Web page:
Slaves. The Old Plantation, ca. 1790-1800. Watercolor by unidentified artist.
Slaves. The Old Plantation, ca. 1790-1800. Watercolor by unidentified artist.

The revolt of the slaves on the African island of São Tomé 1595

Written by Marco Ramerini. English text revision by Dietrich Köster.

The revolt of Amador, named after the slave who led it, is the most important attempt of rebellion that has ever happened on the island of São Tomé. The revolt of the slaves of the island began on July 9, 1595. The leader of this revolt was from the beginning a black slave named Amador (who was owned by Bernardo Vieira).

The first group of rebels, which amounted to about 200 people attacked the church of Santa Trindade, a parish outside the city, where they killed some whites who were in the church while waiting for the Mass. In the days following this first event the revolt spread and many sugar factories and farms in the areas of Dalengue, Uba Ubundo and Praia Preta were burnt by rioters.

On 11 July 1595 the rebels attacked the city, where in the old market an indecisive battle with the Portuguese took place. The next day they burnt sugar factories and other farms in the areas of Água, Sabão and Dalhmanhe. The number of rebels had continued to increase. The sources report of around 2,000 people in their ranks.

On 14 July there was a great battle near the town that ended with the withdrawal of the rebels, who were defeated and suffered heavy losses. According to sources out of 800 attacking rebels more than 300 were killed. Despite this heavy defeat the rebels did not give up as losers. They divided their forces and attempted to attack the city from several sides. But this attempt also failed prompting an intervention by the Portuguese.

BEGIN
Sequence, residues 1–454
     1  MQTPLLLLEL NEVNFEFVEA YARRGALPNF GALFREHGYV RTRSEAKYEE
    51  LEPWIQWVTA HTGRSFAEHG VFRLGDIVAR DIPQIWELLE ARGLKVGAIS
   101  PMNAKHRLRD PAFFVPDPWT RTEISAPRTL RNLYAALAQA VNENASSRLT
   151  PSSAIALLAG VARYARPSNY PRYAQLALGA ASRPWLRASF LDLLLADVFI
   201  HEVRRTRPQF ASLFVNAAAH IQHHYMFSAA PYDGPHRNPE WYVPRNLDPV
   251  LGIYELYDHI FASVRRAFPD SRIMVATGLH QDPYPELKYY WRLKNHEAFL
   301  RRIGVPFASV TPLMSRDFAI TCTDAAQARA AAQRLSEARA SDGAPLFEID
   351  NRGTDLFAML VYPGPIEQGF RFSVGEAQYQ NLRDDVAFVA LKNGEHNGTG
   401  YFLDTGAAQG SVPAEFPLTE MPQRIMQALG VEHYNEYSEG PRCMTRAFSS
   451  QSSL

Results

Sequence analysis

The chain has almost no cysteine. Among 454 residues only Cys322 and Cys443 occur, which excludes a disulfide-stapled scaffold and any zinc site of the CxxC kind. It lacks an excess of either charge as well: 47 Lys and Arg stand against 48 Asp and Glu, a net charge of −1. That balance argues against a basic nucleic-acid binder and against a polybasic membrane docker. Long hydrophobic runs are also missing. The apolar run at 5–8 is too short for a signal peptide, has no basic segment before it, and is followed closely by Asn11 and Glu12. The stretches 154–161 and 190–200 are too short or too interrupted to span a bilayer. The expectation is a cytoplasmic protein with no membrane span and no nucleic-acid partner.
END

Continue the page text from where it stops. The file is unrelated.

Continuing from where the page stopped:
Map of São Tomé by Johannes Vingboons (1665). No Copyright

Map of São Tomé by Johannes Vingboons (1665)

The rebels, however, continued to keep the city under siege. On 23 July the Portuguese attempted a break-out to remove the siege. This action provoked a harsh reaction from the rebels, who tried in the days following the final conquest of the city. The battle that decided the fate of the rebellion began at dawn on 28 July 1595, when 5,000 rebels stormed the city.

The attack lasted about four hours. The attackers, who were in superior numbers compared to the defenders, however, were rejected by the artillery and the trenches that in the meantime the Portuguese had built. According to documents the rebels lost 200 to 500 men in the clash. But the most important thing that they lost was the belief of being able to continue the revolt successfully. The very next day there were the first defections in the ranks of the rebels. In a short time about 4,000 rebels asked for forgiveness, leaving the leader of the revolt Amador only with a few diehards behind. He took refuge in the forest, but was captured in mid-August and then killed. The revolt left the island’s economy devastated. It seems that a total of about 60 sugar factories were destroyed.

BIBLIOGRAPHY:

Source of this story is the story of the revolt of Amador narrated by Father Manuel de Rosario Pinto in chapter XXV of his “Historia da Ilha de São Tomé” in 1732 and published on pages 304-310 of Appendix II of the book by Robert Garfield “A history of São Tomé Island, 1470-1655. The key to Guinea” San Francisco, 1992.

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